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Children in some military families are more likely to be mistreated when a parent goes to war, say US researchers. In a retrospective analysis of routinely collected child protection data, deployment to a combat zone was associated with a 40% increase in the rate of child mistreatment among families with at least one recorded incident (rate ratio, 1.42, 95% CI, 1.31 to 1.54). The rate of moderate or serious mistreatment went up by 60% (1.61, 1.45 to 1.77)
Most of the increase was due to mothers neglecting children aged between 2 and 12 while their husbands were on active duty in combat zones (3.88, 3.43 to 4.34). Physical abuse by mothers was also more likely during these periods (1.91, 1.33 to 2.49). Increased stress is one possible explanation, although deployment of female soldiers was not associated with a significant increase in mistreatment by civilian fathers. Deployment of either parent had no effect on the rate of sexual abuse.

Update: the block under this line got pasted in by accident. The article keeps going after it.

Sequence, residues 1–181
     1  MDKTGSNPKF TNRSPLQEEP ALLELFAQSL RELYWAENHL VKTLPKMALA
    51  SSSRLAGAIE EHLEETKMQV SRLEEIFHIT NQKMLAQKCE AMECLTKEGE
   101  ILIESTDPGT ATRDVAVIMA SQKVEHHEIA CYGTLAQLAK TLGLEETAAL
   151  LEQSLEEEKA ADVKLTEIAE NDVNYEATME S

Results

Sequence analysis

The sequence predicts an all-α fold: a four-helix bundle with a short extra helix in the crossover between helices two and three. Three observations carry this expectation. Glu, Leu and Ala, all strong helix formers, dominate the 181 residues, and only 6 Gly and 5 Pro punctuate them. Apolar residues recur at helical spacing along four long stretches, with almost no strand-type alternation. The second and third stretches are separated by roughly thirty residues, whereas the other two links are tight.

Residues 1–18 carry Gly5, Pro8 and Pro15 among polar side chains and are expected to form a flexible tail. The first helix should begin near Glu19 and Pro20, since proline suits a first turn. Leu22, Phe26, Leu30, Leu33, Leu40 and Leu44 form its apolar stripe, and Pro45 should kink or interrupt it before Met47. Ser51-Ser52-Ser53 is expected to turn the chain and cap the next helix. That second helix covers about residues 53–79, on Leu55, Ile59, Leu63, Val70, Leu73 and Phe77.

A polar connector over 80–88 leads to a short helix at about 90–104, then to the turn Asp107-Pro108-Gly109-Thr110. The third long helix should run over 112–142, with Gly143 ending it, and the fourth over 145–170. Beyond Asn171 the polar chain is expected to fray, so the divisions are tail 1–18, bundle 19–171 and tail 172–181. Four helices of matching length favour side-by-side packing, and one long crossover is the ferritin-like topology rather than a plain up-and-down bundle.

These findings are consistent with other observational work suggesting that vulnerable children are at risk when soldiers go to war, say the authors. The current support networks may not be enough for families already registered for mistreating their children.